EUROCOPTER, the French company which manufacturers the troubled Super Puma helicopter, is to change its corporate identity to Airbus Helicopters.
The helicopter crash last August off Shetland in which one woman and three men were killed was the fifth incident in four years involving a Super Puma helicopter, manufactured by Eurocopter.
The chopper, which crashed off Sumburgh Head, was an AS332L2, the same model of aircraft which plunged into the North Sea off Peterhead in April 2009 with the loss of 16 lives. The 2009 disaster is currently the focus of a fatal accident inquiry at Aberdeen Sheriff Court.
Eurocopter also manufactured the EC135 which crashed into the Clutha pub in Glasgow last November, with the loss of ten lives.
The French company has now announced in a statement for its headquarters at Marignane in France that it is to be rebranded as Airbus Helicopters to bring the company into line with its parent company, the European Aeronautic Defence and Space Company, which changed its name to Airbus last week.
A company spokesman said: The rebranding of Eurocopter as Airbus Helicopters, effective today, marks a new era in the history of the company, which joins Airbus and Airbus Defence and Space within the new Airbus Group – the global leader in aerospace, defence and related services.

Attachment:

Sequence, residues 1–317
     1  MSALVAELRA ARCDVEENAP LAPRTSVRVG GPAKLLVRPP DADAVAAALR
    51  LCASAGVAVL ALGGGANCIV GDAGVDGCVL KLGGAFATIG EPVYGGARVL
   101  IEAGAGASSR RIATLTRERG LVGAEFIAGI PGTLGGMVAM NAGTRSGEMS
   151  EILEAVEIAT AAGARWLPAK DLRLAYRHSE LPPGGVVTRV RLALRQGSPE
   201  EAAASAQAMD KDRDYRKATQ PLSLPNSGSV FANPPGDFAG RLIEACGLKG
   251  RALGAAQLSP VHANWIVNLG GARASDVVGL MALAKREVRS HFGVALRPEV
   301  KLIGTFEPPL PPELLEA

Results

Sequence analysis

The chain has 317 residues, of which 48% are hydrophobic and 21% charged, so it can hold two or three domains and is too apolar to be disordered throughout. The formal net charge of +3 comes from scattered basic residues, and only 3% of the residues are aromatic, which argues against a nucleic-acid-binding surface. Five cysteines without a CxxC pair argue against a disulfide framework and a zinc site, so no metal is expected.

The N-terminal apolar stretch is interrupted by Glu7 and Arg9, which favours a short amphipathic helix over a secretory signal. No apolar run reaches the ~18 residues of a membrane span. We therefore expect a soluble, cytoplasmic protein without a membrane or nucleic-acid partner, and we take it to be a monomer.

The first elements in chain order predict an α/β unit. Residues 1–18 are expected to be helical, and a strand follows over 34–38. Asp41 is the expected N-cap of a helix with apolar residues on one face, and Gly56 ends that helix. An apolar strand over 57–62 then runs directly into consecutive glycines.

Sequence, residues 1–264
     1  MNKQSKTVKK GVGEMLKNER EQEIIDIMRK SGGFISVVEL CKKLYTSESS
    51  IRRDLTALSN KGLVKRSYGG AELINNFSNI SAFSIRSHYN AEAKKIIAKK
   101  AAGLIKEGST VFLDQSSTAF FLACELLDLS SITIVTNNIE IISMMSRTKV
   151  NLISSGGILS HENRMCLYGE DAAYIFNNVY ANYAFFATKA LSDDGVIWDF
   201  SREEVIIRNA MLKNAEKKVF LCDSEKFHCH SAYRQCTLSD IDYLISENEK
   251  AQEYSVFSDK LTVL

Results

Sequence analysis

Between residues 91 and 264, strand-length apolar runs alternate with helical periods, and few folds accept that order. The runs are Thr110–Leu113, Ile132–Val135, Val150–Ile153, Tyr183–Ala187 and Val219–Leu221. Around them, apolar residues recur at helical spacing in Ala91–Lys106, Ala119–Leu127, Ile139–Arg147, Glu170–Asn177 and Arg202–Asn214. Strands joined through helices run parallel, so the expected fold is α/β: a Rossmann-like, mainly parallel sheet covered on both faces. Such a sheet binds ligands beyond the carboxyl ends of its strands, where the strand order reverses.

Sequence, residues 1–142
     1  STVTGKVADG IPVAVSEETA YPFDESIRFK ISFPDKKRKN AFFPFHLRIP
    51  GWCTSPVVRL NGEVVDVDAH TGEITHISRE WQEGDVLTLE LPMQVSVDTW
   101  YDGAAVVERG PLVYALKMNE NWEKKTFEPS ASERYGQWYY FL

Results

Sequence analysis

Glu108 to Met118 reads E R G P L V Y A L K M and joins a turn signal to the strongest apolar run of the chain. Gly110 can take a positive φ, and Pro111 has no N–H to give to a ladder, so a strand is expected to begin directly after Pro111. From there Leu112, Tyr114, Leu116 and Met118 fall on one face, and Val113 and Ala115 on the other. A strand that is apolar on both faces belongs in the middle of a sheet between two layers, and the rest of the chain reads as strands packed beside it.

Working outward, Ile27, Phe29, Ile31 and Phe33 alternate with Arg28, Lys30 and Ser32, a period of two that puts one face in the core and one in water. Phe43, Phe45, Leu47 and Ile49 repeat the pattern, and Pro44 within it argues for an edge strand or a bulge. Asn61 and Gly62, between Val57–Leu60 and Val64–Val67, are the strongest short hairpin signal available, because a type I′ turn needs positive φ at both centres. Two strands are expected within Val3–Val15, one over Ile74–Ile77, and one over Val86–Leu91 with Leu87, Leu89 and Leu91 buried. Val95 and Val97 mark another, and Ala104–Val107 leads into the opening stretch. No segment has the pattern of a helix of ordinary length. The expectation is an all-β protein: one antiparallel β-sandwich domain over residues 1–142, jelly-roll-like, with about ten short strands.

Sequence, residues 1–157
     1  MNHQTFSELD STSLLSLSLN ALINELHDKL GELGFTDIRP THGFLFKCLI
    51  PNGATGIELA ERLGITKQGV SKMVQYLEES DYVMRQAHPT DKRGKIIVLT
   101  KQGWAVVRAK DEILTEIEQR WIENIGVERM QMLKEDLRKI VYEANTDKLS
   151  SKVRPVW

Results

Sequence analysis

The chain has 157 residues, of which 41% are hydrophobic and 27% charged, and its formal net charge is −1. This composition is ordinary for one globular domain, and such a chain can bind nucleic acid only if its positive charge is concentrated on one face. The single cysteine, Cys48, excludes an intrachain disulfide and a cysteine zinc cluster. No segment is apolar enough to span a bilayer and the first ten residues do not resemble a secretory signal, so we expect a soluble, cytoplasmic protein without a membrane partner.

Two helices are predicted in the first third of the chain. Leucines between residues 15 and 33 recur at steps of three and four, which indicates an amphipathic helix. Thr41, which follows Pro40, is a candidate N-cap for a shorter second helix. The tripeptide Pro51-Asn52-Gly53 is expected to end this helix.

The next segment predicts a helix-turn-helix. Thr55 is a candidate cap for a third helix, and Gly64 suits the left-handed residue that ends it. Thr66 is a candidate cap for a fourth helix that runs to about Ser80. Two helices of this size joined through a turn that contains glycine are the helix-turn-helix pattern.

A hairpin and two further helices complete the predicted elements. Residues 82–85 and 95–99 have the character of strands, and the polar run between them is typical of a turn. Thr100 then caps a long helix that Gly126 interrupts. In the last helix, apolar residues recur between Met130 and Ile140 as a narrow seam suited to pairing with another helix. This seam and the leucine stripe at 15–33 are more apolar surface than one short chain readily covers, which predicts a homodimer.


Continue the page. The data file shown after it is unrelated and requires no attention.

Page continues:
“Airbus Helicopters will benefit from and enrich the Airbus brand as it develops, manufactures, markets and supports a diversified and highly capable rotorcraft product line.”
Guillaume Faury, the President of Airbus Helicopters, said: “This rebranding works hand in hand with our ongoing transformation, which is now bolstered by the Airbus brand’s strong foundation in innovation, quality and industrial excellence. Both of these together will serve our ambition of setting the industry standard in terms of safety, mission capability and performance for our operators around the world.”
The Airbus Group employs approximately 22,000 people worldwide. Airbus Helicopters is the world’s leading helicopter manufacturer with an estimated 12,000 helicopters operated by more than 3,000 customers in service in 150 countries.
A company spokesman said: “The company’s chief priority is to ensure the safe operation of its aircraft for the thousands of people who together fly more than three million hours per year.”